The Jiangmen Underground Neutrino Observatory (JUNO) is an underground 20 kton liquid scintillator detector being built in the south of China and expected to start data taking in late 2021. JUNO has a physics programme focused on neutrino properties using electron anti-neutrinos emitted from two nuclear power plants at a baseline of about 53 km. Its primary aim is to address one of the main open questions in neutrino physics: the neutrino mass ordering.Targeting an unprecedented relative energy resolution of 3% at 1 MeV, JUNO will be able to determine the mass ordering with a statistical significance of 3-4 sigma within six years of running. It will also measure other oscillation parameters to which reactor neutrinos at a medium baseline offer sensitivity, with an accuracy better than 1%. Thanks to the expected detector performance, JUNO will be able to tackle a wide range of neutrino physics topics. These include solar and atmospheric neutrinos, study of near-by Supernovae explosions; and a search for nucleon decays in a complementary way to the Cherenkov-based experiments.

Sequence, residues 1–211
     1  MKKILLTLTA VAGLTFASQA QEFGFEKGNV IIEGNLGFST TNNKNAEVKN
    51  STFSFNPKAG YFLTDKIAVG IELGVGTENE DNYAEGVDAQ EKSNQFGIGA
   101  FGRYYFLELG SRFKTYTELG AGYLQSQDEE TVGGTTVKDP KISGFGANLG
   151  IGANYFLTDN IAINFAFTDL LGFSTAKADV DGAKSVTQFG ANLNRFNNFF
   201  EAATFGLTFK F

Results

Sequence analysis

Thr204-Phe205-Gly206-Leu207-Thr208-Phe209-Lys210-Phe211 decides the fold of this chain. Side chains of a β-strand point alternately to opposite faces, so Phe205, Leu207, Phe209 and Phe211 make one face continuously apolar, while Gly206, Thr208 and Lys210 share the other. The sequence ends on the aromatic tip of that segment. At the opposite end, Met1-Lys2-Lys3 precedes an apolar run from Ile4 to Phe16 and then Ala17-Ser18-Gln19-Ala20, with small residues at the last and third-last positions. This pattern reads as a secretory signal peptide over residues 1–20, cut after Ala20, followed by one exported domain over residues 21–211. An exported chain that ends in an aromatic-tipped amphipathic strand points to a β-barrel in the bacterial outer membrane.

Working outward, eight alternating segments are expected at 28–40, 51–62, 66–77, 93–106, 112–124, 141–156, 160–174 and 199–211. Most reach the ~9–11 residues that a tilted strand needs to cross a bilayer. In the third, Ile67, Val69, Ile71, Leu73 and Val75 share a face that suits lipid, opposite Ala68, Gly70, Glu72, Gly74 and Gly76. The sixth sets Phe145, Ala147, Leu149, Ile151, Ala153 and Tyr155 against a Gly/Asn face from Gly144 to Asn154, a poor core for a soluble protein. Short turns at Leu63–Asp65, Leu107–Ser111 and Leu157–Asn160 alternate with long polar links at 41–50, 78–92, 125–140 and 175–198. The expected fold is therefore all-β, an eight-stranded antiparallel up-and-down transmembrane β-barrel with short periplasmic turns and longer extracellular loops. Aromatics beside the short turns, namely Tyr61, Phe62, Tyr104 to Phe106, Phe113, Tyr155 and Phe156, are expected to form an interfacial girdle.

JUNO’s physics potential will be described comprehensively in this talk, where we will showcase the latest expectations for the above-mentioned analyses.